You might now know Dennis Miller as “that insufferable, smart-ass conservative who keeps showing up despite the fact that nobody finds him funny anymore.” But once upon a time he was “that sufferable, smart-ass cultural critic who many people find funny.”
Miller’s always been too smart for his own good, but before he became known for being the token conservative comedian in Hollywood after 2001, he was one of the wittiest comedians on the stand-up circuit. He was also known for hosting Dennis Miller Live on HBO for about seven years, but that wasn’t his first foray into talk—that would be his unheralded and quickly cancelled syndicated show The Dennis Miller Show, and it deserves far more attention than the passing Wikipedia mention it has right now.
And yes, I am going to go on a rant here.
How it started
Miller became a household name on SNL, where he was best known as the Weekend Update anchor from 1985 to 1991. Both Jon Lovitz and Dennis Miller auditioned for SNL at the same time, and Lovitz was hired while Miller didn’t make the cut. Lovitz was tapped to host Update, but he was in too many sketches to do it, so Miller was hired and SNL benefited greatly from his intelligence, dry wit, and verbal acumen.
Miller’s tenure on Update is often listed as one of the strongest ones in SNL history. Almost every ranking of Update anchors lists him in the top three, if not number one.
In early 1991, Tribune Entertainment was looking to start a syndicated talk show. They originally tried to court Garry Shandling, offering him a blank check to work for them. When Shandling turned them down because he was busy exploring Hollywood, they offered the part to Dennis Miller. His check was, uh, decidedly not blank, but still substantial. Miller openly stated that he was happy on SNL and would miss doing Update, but he was prompted to move on for personal reasons—primarily his year-old son Holden, whose “birth reacquainted this urge in me to strive for things.” While he admitted that he was scared, he opted to take the gig because it was a rare opportunity.
The logic behind giving Miller his own show based on his success as Weekend Update host is nearly unimpeachable. It’s a big reason that Jimmy Fallon and Seth Meyers were given their own late night shows, and what got Amy Poehler considered to succeed Jon Stewart on The Daily Show. (Yes, it may have also played a role in getting Chevy Chase his own show – notice I said “almost.”)
From Tribune’s perspective, it made sense to jump into the late night talk show fray. Carson was set to leave The Tonight Show in May of 1992. In the event that Carson faithfuls jumped ship when Leno took over, Miller would be in a good place to pick up some of the viewership. Miller’s biggest competitor in the market was Arsenio Hall, but Miller figured that they wouldn’t attract the same audience as either Hall or Leno.
In the leadup to the show’s premiere, the phrase “a kinder, gentler Dennis” was nearly unavoidable, but he made sure to remind people the sarcasm wasn’t going anywhere. The show also would give him a chance to show off his vulnerability, an important part of success in the late night sphere. “I can coexist with my fellow man,” he assured, “or at least feign co-existence.”
Not long before his show started, Miller appeared as a guest on Tonight. Carson gave him advice, telling Miller that “you only compete with yourself” and not to “worry about what the other guy is doing” before tacking on “at least, wait four months [until I’m retired] and then worry.” Miller was thrilled.
The Dennis Miller Show debuted on January 20th, 1992. It was carried on over 130 stations—except, for some inexplicable reason, Miller’s hometown of Pittsburgh. KDKA, who was at one time his employer, played Inside Edition instead.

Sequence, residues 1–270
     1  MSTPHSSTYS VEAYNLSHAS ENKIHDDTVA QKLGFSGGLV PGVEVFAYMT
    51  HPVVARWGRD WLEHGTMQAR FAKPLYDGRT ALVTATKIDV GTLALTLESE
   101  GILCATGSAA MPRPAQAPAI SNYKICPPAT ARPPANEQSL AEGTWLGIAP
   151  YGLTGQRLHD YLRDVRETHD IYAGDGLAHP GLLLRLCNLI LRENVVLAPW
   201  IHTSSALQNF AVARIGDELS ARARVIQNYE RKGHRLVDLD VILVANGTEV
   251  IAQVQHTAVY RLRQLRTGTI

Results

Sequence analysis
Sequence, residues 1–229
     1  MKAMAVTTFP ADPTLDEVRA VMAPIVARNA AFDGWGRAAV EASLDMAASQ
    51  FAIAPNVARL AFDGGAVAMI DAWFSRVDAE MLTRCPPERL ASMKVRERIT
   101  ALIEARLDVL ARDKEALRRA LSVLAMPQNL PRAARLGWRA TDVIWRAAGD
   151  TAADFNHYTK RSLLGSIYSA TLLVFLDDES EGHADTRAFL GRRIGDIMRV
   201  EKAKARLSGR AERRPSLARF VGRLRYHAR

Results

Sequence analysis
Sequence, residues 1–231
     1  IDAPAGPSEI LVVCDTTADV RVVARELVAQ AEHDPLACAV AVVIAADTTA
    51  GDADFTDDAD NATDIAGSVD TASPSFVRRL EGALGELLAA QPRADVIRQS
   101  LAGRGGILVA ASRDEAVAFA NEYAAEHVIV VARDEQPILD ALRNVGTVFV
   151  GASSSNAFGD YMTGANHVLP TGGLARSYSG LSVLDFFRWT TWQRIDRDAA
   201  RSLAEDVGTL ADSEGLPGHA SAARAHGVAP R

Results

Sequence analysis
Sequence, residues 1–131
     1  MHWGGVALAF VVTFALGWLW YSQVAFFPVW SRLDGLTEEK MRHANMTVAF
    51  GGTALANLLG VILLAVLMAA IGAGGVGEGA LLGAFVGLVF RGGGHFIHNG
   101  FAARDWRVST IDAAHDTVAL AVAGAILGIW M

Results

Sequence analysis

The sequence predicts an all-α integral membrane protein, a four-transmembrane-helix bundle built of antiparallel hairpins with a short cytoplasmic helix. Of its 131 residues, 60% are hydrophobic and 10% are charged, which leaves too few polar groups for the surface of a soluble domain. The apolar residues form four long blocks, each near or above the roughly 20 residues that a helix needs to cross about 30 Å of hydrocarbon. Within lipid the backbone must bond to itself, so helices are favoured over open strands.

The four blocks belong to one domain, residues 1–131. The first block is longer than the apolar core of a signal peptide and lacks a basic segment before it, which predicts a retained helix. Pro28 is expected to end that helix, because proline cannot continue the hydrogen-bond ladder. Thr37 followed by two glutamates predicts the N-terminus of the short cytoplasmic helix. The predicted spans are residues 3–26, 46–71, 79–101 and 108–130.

What it was like
The Dennis Miller Show itself was built around the familiar talk show format—opening monologue, guests, musical performances. What made it unique was the angle at which it approached them. The show was hailed as having “the smartest monologue on television,” filled with the obscure references and dry wit that made Miller a household name. The writing staff contained some of the smarter writers of the era, including Norm Macdonald and Bob Odenkirk. An Update-like news feature was also incorporated into the show.
Andy Summers of The Police led the house band, but quit after roughly a month—”He just didn’t like doing it,” according to Miller – and was replaced by keyboardist David Goldblatt. The show’s producer was fired in the first month for unspecified reasons but it doesn’t seem to have affected the show.
The Dennis Miller Show was noted for taking risks in the booking department, in particular how they showcased diverse musical talent that shows like Tonight weren’t likely to touch. Indeed, record labels were some of the saddest to see him go when he was cancelled. Primus, the Violent Femmes, Toad the Wet Sprocket, guitar legends Les Paul and Nigel Tufnel, and Mick Fleetwood’s Zoo were some of the many musical acts booked.
I could show you any of those—most of those hyperlink to their performances, but I’m going to give you something crazier: Mariachi Sol De Mexico performing “New York, New York.” Because what’s more New York than an unexpected mariachi band?
Guests went beyond just actors promoting their movies or TV shows—he booked some of the more cerebral and unusual guests out there. A prime example: on his second show, he had Israeli Then-Deputy Foreign Minister and Current Prime Minister Benjamin Netanyahu. The variety of guests was wide—he was just as likely to have Dave Coulier as he was Vincent Bugliosi.
Reviews were mixed, but tended to reflect the viewing audience. Entertainment Weekly praised Miller’s intelligence and wit, but worried that he’d have too much of a niche appeal to succeed. The Dallas Observer appreciated Miller’s obscure references, noting that understanding them made the viewer feel “clued-in” and “pretty boss about it.” The Chicago Tribune found that the talk show format made Miller on average more accessible but less interesting, but they were willing to see how things would go. Other reviewers referred to him as a good alternative programming, and noted that while he was a bit verbose he was some of the smartest comedy on TV. Young reviewers in particular were fond of him—Kit Boss, a journalist who would go on to have a solid career in television, raved about Miller and his potential appeal to younger viewers.